The antipolitical in politics
One of the puzzling things about the political situation in our country today is that while President Aquino enjoys continued public approval by a majority of the people (the latest Pulse Asia report puts this at 52 percent)—quite unprecedented for a chief executive nearing the end of his term—his own anointed successor, Mar Roxas, has not been doing well in preelection polls. The disconnect is even more baffling in light of the fact that the country has recorded high rates of economic growth in a stable political environment in the last six years, enjoying a level of investor confidence not seen in previous decades.
How does one account for these seeming contradictions in public opinion? There might be three reasons: (1) the reality of unfulfilled expectations; (2) the absence of a strong party system; and (3) the growing disenchantment with politics itself, which has spawned an ironic style of politics that resonates with the public with its antipolitical messages. Let me explain.
The political system needs a mirror by which to be able to see and orient itself, and that mirror is public opinion. Public opinion is thus to politics as the market is to the economy. Opinion surveys are the most popular way of determining public opinion, but they are not the only way. We need other studies that try to dig into the complex origins of the choices that informants make as they respond to the usual survey questions.
Unfulfilled expectations. My hunch is that with increasing economic prosperity, a growing segment of the public also begins to be aware of the restricted access they have to the limited goods and opportunities available. Against the backdrop of rising expectations, the reality of their exclusion becomes more pronounced. They become more aware of the sharp inequalities in the growing economy. That is why the most politically disaffected do not necessarily come from the ranks of the very poor but from those who have freed themselves from the shackles of absolute poverty and are determined to flourish. The latter’s level of frustration and anger tends to be much higher. Consider the groups that are virtually rejecting the administration in preelection polls: They mostly come from the relatively more prosperous National Capital Region and the “D” segment of the population.
Weak party system. In a political system with strong and stable parties, there would be no room for “privateer” presidential aspirants like Rodrigo Duterte and Grace Poe who are running on the sheer strength of their personal popularity. (I borrow the term “privateer” from the world of motor sports where it refers to individual competitors who are not backed by a corporate team.) But, Philippine political culture being what it is—a system that favors idiosyncratic personal narratives over party-backed political programs—it doesn’t seem surprising that a party leader like Roxas is trailing in the race.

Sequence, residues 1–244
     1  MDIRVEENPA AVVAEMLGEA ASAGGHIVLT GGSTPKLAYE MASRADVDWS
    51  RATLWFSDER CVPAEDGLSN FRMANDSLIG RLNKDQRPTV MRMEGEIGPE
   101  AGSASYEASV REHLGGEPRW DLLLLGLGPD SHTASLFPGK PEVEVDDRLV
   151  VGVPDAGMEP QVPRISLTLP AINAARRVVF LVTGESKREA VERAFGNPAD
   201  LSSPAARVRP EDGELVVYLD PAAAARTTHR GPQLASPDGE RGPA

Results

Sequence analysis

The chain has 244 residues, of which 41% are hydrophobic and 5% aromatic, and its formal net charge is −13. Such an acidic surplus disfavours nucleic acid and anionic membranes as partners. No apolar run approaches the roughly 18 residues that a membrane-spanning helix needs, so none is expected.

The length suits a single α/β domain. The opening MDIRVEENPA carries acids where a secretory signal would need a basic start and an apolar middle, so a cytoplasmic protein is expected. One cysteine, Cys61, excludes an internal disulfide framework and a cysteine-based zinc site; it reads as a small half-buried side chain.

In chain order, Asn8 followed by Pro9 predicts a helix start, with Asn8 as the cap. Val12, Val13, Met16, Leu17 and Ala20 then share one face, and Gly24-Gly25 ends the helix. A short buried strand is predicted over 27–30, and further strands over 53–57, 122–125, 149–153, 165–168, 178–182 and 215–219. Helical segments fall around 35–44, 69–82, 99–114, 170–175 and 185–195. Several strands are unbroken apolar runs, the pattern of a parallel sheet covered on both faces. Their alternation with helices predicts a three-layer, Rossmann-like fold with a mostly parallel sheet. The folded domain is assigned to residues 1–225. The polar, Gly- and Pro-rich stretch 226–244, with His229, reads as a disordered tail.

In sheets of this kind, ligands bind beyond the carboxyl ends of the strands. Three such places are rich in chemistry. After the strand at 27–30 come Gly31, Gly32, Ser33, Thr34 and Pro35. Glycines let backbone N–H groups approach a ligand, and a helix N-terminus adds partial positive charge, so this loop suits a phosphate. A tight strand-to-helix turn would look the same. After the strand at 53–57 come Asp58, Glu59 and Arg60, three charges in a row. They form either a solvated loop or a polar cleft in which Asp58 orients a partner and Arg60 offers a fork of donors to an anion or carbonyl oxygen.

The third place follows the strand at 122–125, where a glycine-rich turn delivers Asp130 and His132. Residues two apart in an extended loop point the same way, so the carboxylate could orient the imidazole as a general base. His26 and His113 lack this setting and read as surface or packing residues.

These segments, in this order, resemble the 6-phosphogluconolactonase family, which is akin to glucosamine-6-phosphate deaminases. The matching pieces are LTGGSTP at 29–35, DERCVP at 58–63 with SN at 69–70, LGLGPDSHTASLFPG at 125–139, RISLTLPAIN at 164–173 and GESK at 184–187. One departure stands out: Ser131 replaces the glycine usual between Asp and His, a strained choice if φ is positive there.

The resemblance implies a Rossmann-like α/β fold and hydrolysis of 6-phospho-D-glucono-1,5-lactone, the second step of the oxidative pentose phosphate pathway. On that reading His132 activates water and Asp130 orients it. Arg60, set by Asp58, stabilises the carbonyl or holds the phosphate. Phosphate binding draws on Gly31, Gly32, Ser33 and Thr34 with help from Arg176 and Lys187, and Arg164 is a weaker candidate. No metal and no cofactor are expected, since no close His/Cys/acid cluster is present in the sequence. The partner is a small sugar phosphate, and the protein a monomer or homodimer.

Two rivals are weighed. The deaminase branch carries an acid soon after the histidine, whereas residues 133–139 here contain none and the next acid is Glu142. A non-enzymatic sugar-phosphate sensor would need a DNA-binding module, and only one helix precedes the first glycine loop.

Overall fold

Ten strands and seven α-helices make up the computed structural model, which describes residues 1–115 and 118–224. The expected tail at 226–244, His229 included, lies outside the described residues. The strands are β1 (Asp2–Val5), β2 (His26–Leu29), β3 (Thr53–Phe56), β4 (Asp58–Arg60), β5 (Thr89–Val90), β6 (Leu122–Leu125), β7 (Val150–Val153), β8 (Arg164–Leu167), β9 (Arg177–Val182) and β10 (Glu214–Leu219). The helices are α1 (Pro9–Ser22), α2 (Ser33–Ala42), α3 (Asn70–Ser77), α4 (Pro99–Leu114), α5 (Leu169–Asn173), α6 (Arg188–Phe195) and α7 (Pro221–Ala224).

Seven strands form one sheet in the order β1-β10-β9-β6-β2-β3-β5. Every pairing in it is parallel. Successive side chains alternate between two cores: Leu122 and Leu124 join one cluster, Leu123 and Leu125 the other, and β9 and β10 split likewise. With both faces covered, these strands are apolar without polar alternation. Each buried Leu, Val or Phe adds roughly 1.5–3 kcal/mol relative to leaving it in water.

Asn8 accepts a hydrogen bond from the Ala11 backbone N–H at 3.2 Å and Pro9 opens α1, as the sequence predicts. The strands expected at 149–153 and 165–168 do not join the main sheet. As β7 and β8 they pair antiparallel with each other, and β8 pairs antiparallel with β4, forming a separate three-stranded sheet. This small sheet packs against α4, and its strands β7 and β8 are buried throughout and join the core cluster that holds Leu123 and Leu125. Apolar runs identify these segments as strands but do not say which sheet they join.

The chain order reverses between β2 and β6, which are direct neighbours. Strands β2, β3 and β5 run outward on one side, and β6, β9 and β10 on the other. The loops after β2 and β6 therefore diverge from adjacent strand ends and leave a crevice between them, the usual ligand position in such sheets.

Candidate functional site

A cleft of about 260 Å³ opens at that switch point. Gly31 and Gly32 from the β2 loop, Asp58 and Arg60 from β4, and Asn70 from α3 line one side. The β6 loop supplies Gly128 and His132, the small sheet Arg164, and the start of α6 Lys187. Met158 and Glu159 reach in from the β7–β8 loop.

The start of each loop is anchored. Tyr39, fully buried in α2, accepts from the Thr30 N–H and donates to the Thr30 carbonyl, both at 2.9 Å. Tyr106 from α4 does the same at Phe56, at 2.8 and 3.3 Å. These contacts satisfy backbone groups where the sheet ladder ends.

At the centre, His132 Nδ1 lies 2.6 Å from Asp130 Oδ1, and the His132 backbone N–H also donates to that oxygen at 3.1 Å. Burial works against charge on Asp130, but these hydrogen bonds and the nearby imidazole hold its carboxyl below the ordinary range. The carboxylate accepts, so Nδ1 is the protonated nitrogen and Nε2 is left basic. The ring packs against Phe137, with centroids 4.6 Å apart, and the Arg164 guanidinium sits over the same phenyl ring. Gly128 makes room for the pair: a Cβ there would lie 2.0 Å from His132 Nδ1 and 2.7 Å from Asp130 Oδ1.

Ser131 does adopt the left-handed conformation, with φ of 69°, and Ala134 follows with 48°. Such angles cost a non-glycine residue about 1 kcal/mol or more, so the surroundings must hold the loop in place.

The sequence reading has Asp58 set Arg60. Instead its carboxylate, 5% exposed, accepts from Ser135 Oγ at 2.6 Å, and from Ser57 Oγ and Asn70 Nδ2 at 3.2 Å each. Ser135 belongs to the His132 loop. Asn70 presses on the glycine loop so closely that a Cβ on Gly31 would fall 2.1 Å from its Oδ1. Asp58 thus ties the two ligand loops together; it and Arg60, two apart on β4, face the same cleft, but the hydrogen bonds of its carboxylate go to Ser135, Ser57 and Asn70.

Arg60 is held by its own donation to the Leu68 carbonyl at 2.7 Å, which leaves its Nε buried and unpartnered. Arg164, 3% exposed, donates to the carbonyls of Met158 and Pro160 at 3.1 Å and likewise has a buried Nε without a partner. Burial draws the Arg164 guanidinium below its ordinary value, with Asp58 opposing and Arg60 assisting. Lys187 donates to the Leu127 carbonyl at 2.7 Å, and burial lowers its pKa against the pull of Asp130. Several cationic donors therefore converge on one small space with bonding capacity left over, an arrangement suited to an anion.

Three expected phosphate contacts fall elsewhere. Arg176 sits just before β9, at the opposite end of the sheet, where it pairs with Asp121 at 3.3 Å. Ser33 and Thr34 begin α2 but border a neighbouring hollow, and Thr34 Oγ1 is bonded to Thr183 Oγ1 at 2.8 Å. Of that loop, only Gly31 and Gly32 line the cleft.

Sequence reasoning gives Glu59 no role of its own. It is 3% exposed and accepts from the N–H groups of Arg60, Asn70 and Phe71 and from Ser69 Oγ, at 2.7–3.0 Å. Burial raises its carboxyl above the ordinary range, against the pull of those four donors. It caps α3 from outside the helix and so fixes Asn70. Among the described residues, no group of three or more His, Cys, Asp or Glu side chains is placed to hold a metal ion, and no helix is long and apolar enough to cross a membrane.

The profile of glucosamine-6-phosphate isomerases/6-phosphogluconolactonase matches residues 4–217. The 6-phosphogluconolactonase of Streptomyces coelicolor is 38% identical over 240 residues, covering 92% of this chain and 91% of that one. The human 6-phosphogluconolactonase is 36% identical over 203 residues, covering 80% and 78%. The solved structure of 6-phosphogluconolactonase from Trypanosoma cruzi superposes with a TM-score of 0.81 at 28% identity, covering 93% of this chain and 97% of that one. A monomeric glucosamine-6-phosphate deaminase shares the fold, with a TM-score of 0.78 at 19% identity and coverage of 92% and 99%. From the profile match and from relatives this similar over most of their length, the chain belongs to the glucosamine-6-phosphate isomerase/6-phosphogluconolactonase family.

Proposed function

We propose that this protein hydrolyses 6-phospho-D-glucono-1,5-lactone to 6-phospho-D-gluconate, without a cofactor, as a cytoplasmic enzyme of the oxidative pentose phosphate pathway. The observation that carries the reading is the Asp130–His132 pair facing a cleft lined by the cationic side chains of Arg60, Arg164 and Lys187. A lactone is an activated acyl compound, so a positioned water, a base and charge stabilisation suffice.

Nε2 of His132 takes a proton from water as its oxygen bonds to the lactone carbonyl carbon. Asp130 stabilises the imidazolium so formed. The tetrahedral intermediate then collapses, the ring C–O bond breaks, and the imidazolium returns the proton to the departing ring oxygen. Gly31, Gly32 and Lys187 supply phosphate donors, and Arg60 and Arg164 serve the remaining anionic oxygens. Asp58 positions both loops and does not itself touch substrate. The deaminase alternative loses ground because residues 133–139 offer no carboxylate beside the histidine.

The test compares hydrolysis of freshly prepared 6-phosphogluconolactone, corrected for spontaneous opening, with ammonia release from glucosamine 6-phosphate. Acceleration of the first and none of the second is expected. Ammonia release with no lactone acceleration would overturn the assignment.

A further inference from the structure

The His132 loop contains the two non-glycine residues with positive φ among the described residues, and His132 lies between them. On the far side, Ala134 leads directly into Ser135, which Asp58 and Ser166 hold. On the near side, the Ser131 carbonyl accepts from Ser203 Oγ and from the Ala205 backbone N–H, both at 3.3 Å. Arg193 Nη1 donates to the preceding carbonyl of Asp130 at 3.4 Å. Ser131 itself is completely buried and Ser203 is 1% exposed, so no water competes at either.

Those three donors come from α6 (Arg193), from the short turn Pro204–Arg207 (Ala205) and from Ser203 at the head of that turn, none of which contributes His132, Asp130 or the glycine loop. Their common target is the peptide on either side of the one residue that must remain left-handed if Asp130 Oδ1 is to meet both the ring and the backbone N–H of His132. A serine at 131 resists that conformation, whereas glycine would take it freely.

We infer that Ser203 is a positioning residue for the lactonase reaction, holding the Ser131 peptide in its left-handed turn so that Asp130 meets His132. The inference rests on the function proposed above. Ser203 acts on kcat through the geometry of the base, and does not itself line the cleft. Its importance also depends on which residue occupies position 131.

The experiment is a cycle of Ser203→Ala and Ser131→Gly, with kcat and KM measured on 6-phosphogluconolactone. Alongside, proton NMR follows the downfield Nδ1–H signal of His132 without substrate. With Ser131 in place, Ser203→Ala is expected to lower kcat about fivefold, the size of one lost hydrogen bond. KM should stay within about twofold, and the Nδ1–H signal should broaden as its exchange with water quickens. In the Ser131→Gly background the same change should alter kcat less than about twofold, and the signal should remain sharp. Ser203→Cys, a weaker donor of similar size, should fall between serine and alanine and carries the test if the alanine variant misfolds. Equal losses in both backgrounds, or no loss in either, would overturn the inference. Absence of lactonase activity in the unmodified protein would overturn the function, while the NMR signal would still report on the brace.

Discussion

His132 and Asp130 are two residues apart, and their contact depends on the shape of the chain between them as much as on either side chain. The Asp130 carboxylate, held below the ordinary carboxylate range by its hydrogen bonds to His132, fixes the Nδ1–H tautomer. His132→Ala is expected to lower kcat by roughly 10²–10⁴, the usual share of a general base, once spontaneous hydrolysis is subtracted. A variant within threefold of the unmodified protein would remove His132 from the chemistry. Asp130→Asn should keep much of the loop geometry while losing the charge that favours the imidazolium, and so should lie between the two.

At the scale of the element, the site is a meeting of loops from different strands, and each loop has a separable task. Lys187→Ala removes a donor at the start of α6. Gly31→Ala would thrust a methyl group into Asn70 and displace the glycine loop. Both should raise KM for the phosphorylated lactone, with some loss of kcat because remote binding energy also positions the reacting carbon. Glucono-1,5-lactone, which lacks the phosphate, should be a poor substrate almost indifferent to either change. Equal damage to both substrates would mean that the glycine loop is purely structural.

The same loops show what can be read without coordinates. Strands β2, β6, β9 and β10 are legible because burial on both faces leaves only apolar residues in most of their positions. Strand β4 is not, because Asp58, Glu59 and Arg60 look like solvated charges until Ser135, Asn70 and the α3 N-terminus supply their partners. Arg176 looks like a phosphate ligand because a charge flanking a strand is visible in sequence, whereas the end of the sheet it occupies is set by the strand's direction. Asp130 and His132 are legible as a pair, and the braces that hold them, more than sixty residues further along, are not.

We are also beginning to see this phenomenon in American politics today in the rise of Donald Trump. It is threatening the stability of the US two-party system where candidates go through a grueling series of party caucuses at the state level before the actual national convention itself. Party ideology and structure are supposed to assert themselves in these caucuses, weeding out individuals who are basically outsiders to the party. But Trump’s stunning performance in these caucuses signifies that the Republican grassroots constituency has changed in ways that the party itself may have failed to recognize.
Antipolitics. I am led to think that a lot of this has to do with the postmodern turn against politics itself. Rather than see politics as a necessary and inescapable component of social life, people begin to view it as the source of all that is wrong in society. Voters then go for candidates who defy all the existing norms of political correctness and professional conduct, and who, unafraid and uncensored, say what they feel like saying, and don’t seem to care about winning.
Duterte has tapped into this antipolitical vein in an amazing way. He loves to tell his audiences that he himself could not decide whether he wanted to run. He tells them to vote for any of his opponents who have prepared for the presidency all their lives. “Just remember, I am your last card,” he says—a clever pitch for authenticity in a time of despair.
But, it is important to differentiate the current support that Americans are giving Trump from the Filipinos’ present love affair with Duterte. While the wellsprings of both are antipolitical, the former is a reaction to the exhaustion felt in the recurrent gridlock that besets modern democratic politics, while the latter arises from the feudal yearning for a willful autocrat who can unite, restore order in, and protect the nation.
The implicit message seems to be that the inherited institutions of modern governance have failed to solve the problems of Filipinos. They need someone who will make the decisions and solve the problems for them, unencumbered by due process and debate. The tough-talking strongman from Davao thus forms a pair—not with the Bible-quoting Alan Cayetano—but with Ferdinand “Bongbong” Marcos Jr. who is running on the mantra of national unity. The young Marcos says that politics has divided us against ourselves, that we need to forget the antagonisms of the past if we are to face the future with hope.
As we may note, the 2016 presidential election is not entirely a contest of personalities. It is also a battle between traditional and modern leadership, between the old and the new mode of governance.
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